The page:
The US Navy is talking about finally taking its railgun out to sea for testing aboard a warship

US NavyAn artist rendering illustrates the Office of Naval Research-funded electromagnetic railgun installed aboard the joint high-speed vessel USNS Millinocket, the vessel initially expected to be used for sea trials.
  • The US Navy is talking about finally testing its railgun aboard a warship, which would be a milestone achievement for the struggling program.
  • The Navy’s railgun, the product of more than a decade of research costing more than $US500 million, was expected to be tested in 2016, but the test was delayed.
  • The US is not the only country chasing this technology. China has already managed to arm a warship – the Type 072III Yuting-class tank-landing ship “Haiyang Shan” – with a railgun.
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The US Navy is planning to finally test the electromagnetic railgun it has spent years and hundreds of millions of dollars developing aboard a warship, according to new documents detailing the service’s testing and training plans.

Unlike conventional guns, a railgun uses electromagnetic energy rather than explosive charges to fire rounds farther and at six or seven times the speed of sound.

“The kinetic energy weapon (commonly referred to as the rail gun) will be tested aboard surface vessels, firing explosive and non-explosive projectiles at air- or sea-based targets,” the Navy’s 1,800-page Northwest Training and Testing Draft Supplemental Environmental Impact Assessment revealed.

The Seattle Times, followed by Task & Purpose, was the first to report the Navy’s latest testing plans and the possibility of a milestone achievement for the railgun program.

The Navy, which has spent more than a decade and at least $US500 million trying to build a working railgun, was initially expected to conduct a sea test of this new weapon aboard the Spearhead-class expeditionary fast transport vessel USNS Trenton at Eglin Air Force Base’s maritime test range in the summer of 2016.

That test never took place. Instead, the Navy chose to continue testing the weapon on land. If the Navy’s new testing and training plans are approved, sea trials for the railgun could take place as early as next year. It’s unclear what type of test platform might be involved.

Should the Navy test its railgun at sea, it will be a major achievement for a program that has struggled for quite some time now. When asked about the program earlier this year, the best answer Chief of Naval Operations Adm. John Richardson could offer was: “It’s going somewhere, hopefully.”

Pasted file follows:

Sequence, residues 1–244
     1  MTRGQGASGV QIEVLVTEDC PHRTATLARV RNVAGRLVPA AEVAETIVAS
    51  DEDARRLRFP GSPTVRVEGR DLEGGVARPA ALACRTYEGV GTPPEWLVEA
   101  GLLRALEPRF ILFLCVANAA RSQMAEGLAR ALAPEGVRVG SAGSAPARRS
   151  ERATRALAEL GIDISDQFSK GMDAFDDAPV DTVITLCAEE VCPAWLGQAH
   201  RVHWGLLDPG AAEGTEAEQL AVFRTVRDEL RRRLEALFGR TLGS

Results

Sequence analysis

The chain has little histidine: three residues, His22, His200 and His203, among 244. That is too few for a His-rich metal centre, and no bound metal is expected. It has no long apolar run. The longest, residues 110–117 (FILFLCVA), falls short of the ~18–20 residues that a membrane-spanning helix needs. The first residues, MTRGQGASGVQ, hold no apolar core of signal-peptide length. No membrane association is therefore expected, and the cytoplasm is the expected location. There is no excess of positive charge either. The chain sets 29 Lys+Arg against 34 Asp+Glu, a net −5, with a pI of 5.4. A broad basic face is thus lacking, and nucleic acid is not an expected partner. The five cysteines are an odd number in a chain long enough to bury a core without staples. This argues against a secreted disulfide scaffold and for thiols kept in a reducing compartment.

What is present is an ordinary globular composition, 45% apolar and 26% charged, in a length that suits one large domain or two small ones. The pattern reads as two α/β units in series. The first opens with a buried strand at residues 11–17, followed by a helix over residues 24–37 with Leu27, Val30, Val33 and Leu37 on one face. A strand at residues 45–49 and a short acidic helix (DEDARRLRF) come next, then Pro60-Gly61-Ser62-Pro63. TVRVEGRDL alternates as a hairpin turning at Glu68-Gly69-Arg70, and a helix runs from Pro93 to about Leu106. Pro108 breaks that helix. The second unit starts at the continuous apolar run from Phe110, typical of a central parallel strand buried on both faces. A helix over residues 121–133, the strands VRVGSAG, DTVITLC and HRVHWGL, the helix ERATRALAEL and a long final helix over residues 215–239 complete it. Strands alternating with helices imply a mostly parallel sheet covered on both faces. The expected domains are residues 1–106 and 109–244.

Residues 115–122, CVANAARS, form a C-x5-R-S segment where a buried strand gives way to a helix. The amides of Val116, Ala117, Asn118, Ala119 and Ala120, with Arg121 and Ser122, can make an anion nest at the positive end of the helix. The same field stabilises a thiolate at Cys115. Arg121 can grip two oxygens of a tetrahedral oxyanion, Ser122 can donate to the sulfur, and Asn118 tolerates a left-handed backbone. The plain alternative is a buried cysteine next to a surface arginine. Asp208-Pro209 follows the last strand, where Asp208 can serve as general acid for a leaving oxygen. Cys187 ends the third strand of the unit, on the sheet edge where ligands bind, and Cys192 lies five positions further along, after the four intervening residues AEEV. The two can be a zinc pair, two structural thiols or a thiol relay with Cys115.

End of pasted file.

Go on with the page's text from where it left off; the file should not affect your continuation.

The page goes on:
Read more:
Top US admiral says the Navy’s struggling $US500 million railgun project is a lesson in how not to develop weapons

The US is not the only country chasing this technology. Another clear competitor is China, which has already managed to arm a warship – the Type 072III Yuting-class tank-landing ship “Haiyang Shan” – with a railgun. The weapon is believed to have been put through some preliminary sea trials.

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A Chinese warship armed with an electromagnetic railgun appears to have set sail

It is unclear how far along the Chinese railgun program is, but the competition is on. Chinese media proudly boasted in January that “China’s naval electromagnetic weapon and equipment have surpassed other countries and become a world leader.”

The railgun is a curious weapon, one that some naval affairs experts feel offers prestige to the innovator but little military advantage to the warfighter, no matter who gets their first.

Read more:
It looks like China will beat the US Navy in the railgun race – here’s why it doesn’t actually matter

“It’s not useful military technology,” Bryan Clark, an expert with the Center for Strategic and Budgetary Assessments and former US Navy officer, previously told Business Insider, arguing that it is a poor replacement for a missile. “You are better off spending that money on missiles and vertical launch system cells than you are on a railgun.”

So far, the most impressive thing to come out of the US Navy’s railgun research is the hypervelocity projectile, which the Navy has tested using the Mk 45 five-inch deck guns that come standard on cruisers and destroyers.

Read More:
The US Navy reportedly fired new hypervelocity railgun rounds out of 40-year-old deck guns – here’s why

The Army is also looking at the HVP for its 155 mm howitzers.

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